Authors & Events
Aug 17, 2006
| ISBN 9781590511442
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Aug 17, 2006 | ISBN 9781590511442
An important new study of the clinical conundrum surrounding the publication of patient material.The publication, presentation, and discussion of case studies are essential to the dialogue of psychoanalysis. However, presenting patient material to the public by either disguising the patient’s identity or asking for the patient’s consent presents a clinical dilemma. In a series of interviews, Judy Leopold Kantrowitz asks 141 analysts not only to describe their thoughts about disguising a patient versus asking a patient’s consent to appear in a paper, but also their perceptions of the clinical ramifications of a patient reading the material, whether by accident or design. In first-hand accounts, both analysts-as-patients and patients who are not themselves analysts relate the experience of reading about themselves, and reflect on the impact that reading had on their view of their analysts, themselves, and the analytic work. Ethical concerns about confidentiality and decision making are examined both in theory and in the context of their clinical effect. Throughout the book, Kantrowitz examines the conscious and unconscious motives for analysts in writing about a patient, ultimately demonstrating that the conflict between the need to preserve patient privacy and the need for a literature including clinical material is not easily resolved.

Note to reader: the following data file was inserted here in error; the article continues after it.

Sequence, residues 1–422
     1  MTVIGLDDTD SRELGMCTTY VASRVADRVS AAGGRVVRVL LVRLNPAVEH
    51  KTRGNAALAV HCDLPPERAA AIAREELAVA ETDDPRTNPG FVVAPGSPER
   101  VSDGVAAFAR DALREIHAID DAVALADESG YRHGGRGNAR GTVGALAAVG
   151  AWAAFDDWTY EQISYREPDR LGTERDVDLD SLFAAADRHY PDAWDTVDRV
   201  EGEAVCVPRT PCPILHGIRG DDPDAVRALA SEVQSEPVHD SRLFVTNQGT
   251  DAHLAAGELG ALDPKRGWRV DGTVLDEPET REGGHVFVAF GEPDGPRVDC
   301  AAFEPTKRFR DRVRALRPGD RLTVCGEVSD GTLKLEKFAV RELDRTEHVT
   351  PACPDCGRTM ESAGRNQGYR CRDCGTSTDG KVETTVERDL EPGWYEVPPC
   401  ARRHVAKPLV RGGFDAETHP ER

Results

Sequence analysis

Judy Leopold Kantrowitz is Training and Supervising Analyst at the Boston Psychoanalytic Institute and Associate Clinical Professor of Psychology in the Department of Psychiatry at Harvard Medical School. She is the author of The Patient’s Impact on the Analyst and… More about Judy Leopold Kantrowitz
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